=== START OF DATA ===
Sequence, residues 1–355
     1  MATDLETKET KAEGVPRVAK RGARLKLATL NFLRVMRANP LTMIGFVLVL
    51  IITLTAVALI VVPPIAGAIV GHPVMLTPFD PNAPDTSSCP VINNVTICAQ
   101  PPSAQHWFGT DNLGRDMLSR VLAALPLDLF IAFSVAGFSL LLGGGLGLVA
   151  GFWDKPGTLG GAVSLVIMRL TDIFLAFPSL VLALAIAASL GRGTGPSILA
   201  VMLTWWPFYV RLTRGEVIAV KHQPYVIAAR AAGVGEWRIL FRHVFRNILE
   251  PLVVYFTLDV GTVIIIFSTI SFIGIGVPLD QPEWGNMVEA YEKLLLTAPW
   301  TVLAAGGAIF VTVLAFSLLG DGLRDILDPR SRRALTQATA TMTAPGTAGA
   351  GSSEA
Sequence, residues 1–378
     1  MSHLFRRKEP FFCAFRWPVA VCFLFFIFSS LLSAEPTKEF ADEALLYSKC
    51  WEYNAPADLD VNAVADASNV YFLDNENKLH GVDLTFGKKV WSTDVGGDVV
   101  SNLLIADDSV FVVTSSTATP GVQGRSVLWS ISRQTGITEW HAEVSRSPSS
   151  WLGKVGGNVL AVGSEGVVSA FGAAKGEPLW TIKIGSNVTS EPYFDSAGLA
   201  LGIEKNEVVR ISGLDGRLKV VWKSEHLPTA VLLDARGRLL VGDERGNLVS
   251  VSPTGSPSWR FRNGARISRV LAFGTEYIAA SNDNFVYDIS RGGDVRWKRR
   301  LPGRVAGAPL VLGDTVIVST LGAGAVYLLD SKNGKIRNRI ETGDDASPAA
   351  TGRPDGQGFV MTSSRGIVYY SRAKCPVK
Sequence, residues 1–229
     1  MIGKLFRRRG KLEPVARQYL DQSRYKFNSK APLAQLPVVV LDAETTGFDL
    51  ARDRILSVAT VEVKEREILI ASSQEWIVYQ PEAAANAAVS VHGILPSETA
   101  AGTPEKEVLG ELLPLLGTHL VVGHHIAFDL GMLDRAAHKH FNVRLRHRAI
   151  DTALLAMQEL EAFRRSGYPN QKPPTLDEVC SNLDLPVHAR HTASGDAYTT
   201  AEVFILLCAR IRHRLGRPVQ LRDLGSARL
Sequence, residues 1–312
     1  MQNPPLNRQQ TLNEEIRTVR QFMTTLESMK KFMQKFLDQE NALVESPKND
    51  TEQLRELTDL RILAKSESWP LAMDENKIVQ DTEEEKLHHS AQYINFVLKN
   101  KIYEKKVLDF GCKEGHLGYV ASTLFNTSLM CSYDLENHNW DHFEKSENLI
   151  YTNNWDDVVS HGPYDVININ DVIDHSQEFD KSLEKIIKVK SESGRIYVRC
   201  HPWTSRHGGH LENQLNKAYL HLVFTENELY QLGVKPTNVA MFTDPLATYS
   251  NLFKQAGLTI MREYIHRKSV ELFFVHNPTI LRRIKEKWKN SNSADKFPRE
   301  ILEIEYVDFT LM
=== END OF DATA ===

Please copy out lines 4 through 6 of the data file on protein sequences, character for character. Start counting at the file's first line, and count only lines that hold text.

   101  PPSAQHWFGT DNLGRDMLSR VLAALPLDLF IAFSVAGFSL LLGGGLGLVA
   151  GFWDKPGTLG GAVSLVIMRL TDIFLAFPSL VLALAIAASL GRGTGPSILA
   201  VMLTWWPFYV RLTRGEVIAV KHQPYVIAAR AAGVGEWRIL FRHVFRNILE